> Paul-Heinz DITTRICH - Engfuhrung [HC]: Classical CD Reviews- Nov 2002 MusicWeb(UK)

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Paul-Heinz DITTRICH (born 1930)
Engführung (1980)
Sigune von Osten (soprano); vocal ensemble; instrumental ensemble; Dresdner Philharmonie; Herbert Kegel
Recorded: Lukaskirche, Dresden, May 1988
BERLIN CLASSICS 0013052BC [58:36]


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Celanís parents, German Jews from Bukovina, died in concentration camps. Celan was forced to live in exile, first in a labour camp from which he escaped before finally ending up in Paris where he took his own life in 1970. His often inaccessible poems were inevitably influenced by his own experience during the Nazi era in Germany. As Frank Schneider remarks in his excellent notes, poems such as Todesfuge of 1945 and its companion Engführung of 1958 reflect the atrocities suffered by the Jews in the hells of Nazi concentration camps. Much the same could be said of most of Celanís verse that has attracted much attention from several present-day composers. Wolfgang Rihm, Aribert Reimann, Paul-Heinz Dittrich and Harrison Birtwistle, to name but a few that come to mind, have set some of Celanís poems. Birtwistleís Pulse Shadows and Dittrichís Engführung are likely to be among the most substantial works inspired by Celanís words.

Dittrich set parts of Engführung in his Kammermusik IV (1977). This setting prompted him to consider another setting, but the sheer size of the poem soon made it evident that this would be on a large scale. A commission from the Südwestfunk Orchestra gave him the opportunity to realise his project. Engführung was composed in 1980 and first performed during the Donaueschingen Music Days Festival in October 1981. Sigun von Osten was the soloist and the performance was conducted by Matthias Bamert.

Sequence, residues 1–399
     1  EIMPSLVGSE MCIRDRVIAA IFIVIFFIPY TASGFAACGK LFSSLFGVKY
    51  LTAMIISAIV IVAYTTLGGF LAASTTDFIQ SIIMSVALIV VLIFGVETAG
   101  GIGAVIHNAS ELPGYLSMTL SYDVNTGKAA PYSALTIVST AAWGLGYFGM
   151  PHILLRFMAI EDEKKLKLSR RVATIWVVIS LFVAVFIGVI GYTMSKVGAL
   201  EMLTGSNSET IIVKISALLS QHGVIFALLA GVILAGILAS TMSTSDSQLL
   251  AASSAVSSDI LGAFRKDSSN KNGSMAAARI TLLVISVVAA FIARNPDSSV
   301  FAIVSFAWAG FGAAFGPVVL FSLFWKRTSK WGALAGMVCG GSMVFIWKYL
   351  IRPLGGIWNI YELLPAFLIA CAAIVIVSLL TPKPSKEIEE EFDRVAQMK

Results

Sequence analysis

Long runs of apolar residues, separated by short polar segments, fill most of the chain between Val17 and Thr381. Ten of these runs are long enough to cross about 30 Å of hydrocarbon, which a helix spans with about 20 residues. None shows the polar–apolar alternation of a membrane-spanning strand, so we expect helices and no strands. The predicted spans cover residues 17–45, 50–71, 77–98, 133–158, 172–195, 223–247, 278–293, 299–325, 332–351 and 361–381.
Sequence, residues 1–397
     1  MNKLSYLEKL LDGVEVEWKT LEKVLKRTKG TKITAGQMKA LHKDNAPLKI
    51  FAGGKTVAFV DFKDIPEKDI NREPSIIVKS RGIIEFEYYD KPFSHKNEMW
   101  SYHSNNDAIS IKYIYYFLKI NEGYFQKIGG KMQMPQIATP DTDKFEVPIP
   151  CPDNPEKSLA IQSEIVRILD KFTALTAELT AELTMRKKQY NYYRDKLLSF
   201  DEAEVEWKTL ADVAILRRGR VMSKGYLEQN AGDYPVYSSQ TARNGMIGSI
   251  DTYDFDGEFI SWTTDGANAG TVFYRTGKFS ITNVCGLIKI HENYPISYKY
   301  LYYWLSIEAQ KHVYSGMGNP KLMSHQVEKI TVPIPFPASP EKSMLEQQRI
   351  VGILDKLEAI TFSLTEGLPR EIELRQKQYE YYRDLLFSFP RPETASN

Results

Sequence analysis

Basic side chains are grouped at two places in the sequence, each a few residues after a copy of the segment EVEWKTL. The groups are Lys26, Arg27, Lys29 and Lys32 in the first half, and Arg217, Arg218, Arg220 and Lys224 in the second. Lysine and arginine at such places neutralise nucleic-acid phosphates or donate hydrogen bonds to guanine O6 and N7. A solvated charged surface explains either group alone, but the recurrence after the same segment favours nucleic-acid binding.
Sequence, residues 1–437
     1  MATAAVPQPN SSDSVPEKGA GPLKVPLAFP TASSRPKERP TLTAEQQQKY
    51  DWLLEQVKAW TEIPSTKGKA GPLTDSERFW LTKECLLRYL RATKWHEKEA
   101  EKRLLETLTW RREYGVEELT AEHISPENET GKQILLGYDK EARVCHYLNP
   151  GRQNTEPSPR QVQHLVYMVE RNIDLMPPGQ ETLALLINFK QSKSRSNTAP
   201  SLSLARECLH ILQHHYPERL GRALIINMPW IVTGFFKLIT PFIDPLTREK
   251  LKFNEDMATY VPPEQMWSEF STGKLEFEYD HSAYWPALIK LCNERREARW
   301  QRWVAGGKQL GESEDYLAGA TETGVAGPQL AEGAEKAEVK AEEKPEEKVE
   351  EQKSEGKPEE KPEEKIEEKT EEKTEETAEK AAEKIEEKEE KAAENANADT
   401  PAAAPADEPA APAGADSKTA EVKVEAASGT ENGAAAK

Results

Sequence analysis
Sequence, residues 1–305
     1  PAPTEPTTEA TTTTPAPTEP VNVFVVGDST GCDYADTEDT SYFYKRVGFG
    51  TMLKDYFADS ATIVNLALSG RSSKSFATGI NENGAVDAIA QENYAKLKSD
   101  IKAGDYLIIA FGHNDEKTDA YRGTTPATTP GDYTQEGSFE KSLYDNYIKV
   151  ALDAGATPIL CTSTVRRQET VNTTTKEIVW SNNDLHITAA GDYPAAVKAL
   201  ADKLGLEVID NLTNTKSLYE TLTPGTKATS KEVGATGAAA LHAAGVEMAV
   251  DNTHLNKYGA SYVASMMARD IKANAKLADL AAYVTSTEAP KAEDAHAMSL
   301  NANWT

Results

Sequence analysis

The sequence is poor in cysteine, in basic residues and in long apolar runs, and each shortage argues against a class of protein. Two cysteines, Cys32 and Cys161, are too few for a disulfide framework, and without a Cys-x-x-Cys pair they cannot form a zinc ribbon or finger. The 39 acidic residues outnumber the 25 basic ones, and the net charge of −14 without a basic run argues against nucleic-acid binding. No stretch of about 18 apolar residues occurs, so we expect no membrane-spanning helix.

The work is scored for soprano, vocal ensemble (2 sopranos, 1 alto, 1 tenor and 2 basses), instrumental ensemble (violin, cello, flute, clarinet, bass clarinet, guitar and piano), orchestra, tape and live-electronics. This is undoubtedly an ambitious and substantial work of some considerable complexity; and it would be idle on my part to go into any details about it structure. Suffice it to say that Celanís poem has some musical structure of its own (engführung means stretto) with refrains and verbal variations that greatly help maintaining some formal coherence to the whole. The work opens with a prologue sung by the vocal ensemble on words restated later, either literally or in variants, and concluding the poem, though not the work as will be seen later. The various stanzas follow, interspersed with orchestral interludes, most of which are quite short, though the third interlude, occurring halfway in the work and signalling its climax, is a rather weighty orchestral section. The whole setting alternates according to the words and is set to full orchestral accompaniment or to chamber-like ensembles. The vocal parts, generally set in a strongly expressionistic manner, sometimes relies on speech and on pre-recorded material. For the coda to the epilogue, Dittrich chose a late poem written in 1967 commemorating the pre-Fascist murder of Rosa Luxemburg and Karl Liebknecht heard mostly on tape and progressively silencing the singers and the orchestra. As Schneider again aptly remarks, "what finally comes into the picture is the continuity of active resistance against any form of barbarism, not least against its least conspicuous but most dangerous variant : indifference". Indeed, for all its complexity, Dittrichís Engführung is a powerfully gripping work of protest. No light stuff, though, but well worth the effort.

The present reading is quite simply marvellous. All concerned obviously put all their heart in a work that clearly means much to them, as it should to us. The 1988 recording still wears well. Definitely, a major work of our time that is not likely to be heard in concert very often, which makes this re-issue most welcome; and those who have been similarly impressed by Birtwistleís Pulse Shadows will certainly want to experience a totally different approach of Celanís verse.

Hubert Culot

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